Now, you can rewrite the record in some professions or in some businesses, but you can't, with a discerning American electorate, rewrite 20 years of ultra-conservatism under the Republican banner in the last few months before an election takes place. John Kennedy, back in 1960, sized it up pretty well. He saw the same phenomenon then, same thing in '64, '68, '72, '76, same thing today. This is what John Kennedy said. "They're even beginning," he said about the Republicans, "to say a few kind words about Franklin Roosevelt. Twenty years from now," Kennedy said, "they might even speak a good word about Harry Truman, but I guarantee you that Harry Truman won't say anything good about Republicans." [Laughter] Now, that prediction came true, and I want to make another prediction now. Twenty years from now, I predict that the Republicans are going to be saying good things about Jimmy Carter's second term.

I'm proud to be a Democrat. I believe in the heritage and the mission of the Democratic Party. I grew up on a farm during the Depression years, and I saw how the Democrats changed my life. Democrats have been for the progressive changes for the working people of this Nation, every decade, every election, every generation. Don't be misled by Republicans who try to change their spots just before election day. Remember the heritage of Franklin D. Roosevelt. Think for a moment. Remember the heritage of Harry Truman. Remember the heritage of John Fitzgerald Kennedy. Remember the heritage of Lyndon Baines Johnson. Remember the heritage of Hubert Humphrey. Every great advance in our country the last half century, from collective bargaining to the minimum wage, from social security to Medicare, civil rights, quality of life—every single one of them has been made by the Democratic Party. And the Democrats have always been opposed by the same basic Republican commitment and philosophy, quite often the same people in every one of these progressive issues.

But we in the Democratic Party are not just a party of past accomplishments. We are the party of the future. The Democratic Party is the party that fights for the interests of working people. The Democratic Party is one that fights to protect the quality of our life, that protects the health and security and the self-respect of elderly Americans, that supports national health insurance for all Americans, that supports human rights for people in this country and around the world, including equal rights for women guaranteed in the Constitution of the United States. And we are also the party that's strong enough and sure enough to dare to work for peace.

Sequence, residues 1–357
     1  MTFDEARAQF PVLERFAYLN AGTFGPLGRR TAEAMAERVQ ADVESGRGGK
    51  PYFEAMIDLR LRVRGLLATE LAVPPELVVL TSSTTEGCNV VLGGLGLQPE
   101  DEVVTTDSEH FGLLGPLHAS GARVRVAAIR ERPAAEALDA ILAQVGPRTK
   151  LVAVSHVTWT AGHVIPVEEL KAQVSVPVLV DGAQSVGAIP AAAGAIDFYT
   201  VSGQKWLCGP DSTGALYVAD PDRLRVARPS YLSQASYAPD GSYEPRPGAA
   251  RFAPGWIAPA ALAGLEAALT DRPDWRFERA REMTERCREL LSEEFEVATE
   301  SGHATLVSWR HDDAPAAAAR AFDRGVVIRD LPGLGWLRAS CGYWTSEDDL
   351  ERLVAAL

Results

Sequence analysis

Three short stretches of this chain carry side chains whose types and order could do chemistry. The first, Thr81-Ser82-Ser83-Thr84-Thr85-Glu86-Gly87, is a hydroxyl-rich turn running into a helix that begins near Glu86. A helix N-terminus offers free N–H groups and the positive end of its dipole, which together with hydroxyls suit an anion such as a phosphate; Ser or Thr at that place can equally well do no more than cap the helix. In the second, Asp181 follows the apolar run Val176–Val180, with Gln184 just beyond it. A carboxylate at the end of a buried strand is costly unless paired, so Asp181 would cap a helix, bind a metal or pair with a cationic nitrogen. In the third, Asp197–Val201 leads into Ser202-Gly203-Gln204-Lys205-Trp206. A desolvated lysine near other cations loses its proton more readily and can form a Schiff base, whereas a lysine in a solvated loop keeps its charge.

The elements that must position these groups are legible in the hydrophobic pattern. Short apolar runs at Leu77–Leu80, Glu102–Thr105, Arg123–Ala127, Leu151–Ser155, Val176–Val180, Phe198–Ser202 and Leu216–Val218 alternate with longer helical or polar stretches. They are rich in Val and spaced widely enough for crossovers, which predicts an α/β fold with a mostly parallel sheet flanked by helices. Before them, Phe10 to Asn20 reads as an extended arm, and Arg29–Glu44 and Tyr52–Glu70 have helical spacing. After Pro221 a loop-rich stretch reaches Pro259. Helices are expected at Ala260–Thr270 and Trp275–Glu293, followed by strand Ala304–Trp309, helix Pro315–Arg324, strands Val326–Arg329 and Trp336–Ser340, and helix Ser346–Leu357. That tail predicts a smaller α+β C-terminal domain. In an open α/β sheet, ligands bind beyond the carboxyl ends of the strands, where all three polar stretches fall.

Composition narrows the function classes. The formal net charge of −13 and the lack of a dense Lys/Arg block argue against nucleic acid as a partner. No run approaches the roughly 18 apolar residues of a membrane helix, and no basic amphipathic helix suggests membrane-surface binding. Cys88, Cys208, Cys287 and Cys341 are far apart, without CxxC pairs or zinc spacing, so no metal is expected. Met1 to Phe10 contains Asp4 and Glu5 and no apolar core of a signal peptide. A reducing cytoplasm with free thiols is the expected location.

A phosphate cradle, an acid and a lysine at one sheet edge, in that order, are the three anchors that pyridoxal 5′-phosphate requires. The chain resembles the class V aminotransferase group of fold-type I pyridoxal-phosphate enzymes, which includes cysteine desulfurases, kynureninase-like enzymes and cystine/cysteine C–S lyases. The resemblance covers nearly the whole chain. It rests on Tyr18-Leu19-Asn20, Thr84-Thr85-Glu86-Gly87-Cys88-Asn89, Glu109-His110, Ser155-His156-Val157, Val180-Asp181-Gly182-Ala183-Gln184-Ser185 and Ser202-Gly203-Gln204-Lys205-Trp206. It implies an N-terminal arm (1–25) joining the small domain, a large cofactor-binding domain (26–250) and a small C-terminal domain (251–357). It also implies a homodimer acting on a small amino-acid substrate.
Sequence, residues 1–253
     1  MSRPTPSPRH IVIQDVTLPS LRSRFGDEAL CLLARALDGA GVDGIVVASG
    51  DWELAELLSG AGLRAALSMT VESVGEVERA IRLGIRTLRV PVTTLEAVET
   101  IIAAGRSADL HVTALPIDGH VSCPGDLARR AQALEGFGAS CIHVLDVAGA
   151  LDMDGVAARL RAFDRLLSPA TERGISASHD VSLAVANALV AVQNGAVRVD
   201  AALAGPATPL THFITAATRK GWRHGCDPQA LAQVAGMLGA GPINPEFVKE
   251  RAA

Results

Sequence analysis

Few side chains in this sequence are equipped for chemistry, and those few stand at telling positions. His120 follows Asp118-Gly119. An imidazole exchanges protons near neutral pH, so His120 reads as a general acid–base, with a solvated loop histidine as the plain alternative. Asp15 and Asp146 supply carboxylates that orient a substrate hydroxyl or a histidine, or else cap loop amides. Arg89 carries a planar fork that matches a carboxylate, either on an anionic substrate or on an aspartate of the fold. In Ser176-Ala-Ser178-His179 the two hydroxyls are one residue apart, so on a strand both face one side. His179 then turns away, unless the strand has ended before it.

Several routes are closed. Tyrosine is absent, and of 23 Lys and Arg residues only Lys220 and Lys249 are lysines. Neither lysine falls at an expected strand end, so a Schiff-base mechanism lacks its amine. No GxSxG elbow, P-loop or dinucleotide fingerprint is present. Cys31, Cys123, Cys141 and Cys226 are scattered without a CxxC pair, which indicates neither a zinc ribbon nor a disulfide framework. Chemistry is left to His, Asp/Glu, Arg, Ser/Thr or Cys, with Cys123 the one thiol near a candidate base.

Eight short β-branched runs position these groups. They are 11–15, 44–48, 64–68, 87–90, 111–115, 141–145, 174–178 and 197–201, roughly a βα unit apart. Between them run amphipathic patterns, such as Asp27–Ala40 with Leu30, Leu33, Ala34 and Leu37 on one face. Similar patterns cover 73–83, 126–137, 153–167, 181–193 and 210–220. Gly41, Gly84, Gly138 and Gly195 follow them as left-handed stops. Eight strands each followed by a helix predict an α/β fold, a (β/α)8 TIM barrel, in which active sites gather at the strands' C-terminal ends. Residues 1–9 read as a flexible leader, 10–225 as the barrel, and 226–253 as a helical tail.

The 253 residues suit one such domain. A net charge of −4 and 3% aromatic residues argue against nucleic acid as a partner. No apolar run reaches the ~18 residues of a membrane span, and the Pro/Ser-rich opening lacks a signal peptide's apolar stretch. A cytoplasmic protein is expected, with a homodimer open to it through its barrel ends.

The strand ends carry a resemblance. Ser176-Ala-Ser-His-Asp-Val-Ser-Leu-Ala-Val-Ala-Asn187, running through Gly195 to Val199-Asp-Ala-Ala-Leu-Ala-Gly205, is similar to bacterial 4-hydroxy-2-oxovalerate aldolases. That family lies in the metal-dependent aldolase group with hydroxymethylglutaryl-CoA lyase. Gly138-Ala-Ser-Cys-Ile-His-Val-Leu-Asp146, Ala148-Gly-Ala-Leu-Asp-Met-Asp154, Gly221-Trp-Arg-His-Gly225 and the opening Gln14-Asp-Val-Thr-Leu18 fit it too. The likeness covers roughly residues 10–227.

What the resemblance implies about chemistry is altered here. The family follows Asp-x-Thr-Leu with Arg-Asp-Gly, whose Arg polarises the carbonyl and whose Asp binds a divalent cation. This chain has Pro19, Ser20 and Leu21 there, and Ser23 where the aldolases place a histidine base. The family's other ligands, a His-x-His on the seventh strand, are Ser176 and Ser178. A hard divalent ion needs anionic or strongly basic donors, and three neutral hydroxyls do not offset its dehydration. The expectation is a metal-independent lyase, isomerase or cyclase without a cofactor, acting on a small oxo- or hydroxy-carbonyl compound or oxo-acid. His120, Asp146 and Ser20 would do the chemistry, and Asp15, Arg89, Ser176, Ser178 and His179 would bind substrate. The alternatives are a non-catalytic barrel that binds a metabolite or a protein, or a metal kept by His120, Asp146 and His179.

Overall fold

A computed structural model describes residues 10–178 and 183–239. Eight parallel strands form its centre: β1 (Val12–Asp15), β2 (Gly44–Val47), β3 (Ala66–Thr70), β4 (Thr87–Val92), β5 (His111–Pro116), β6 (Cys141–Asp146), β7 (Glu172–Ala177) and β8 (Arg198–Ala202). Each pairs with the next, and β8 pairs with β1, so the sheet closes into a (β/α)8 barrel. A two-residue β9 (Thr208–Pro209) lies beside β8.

Now, those are our goals as Democrats, and we're going to fight for them together for the next 4 years. For the last 50 years, no President has been able to make this next statement that I'm going to make to you. For the last 4 years since I have been in office, our Nation has not been at war. We have been at peace; and with your help we will keep this Nation at peace for the next 4 )'ears. But peace is something that must be built, step by step, brick by brick. Every day that I've been in office there've been dangers, there have been conflicts, there have been serious problems or troubled areas somewhere in the world. Each time I've had to make critical judgments: What are America's real interests? What degree of involvement should our Nation have in resolving those troubles or those crises? How should we use our Nation's tremendous strength?

I'm a father. I'm a grandfather. And as President, I will always remember to keep our Nation strong militarily, yes, second to none, but I also will always remember that the best weapon is one that never must be fired in battle and the best soldier is one that need never lay his life down or shed his blood on the field of battle.

Presidents have to make judgments when troubles come. If the crisis is well-handled, our Nation's interests are protected, the crisis passes, perhaps sometimes without your even knowing about it. But if a President makes a misjudgment, it can affect your lives and the life of everyone on Earth. I'm proud that our Nation has helped to achieve a treaty of peace between Israel and her most powerful Arab neighbor—the first peace ever between Israel and an Arab country. That's a commitment of the Democratic Party, to keep our Nation at peace and extend the benefits of peace to others.

Our greatest commitment above all other things, above the minimum wage, national health insurance, is to prevent nuclear war. We must continue our progress in a careful, balanced, verifiable control of nuclear arms. That's the great overriding issue of this campaign. The greatest legacy that we can leave our children is a world at peace. Peace is my passion, and with your support for the next 4 years, maintaining this Nation at peace is my pledge to you.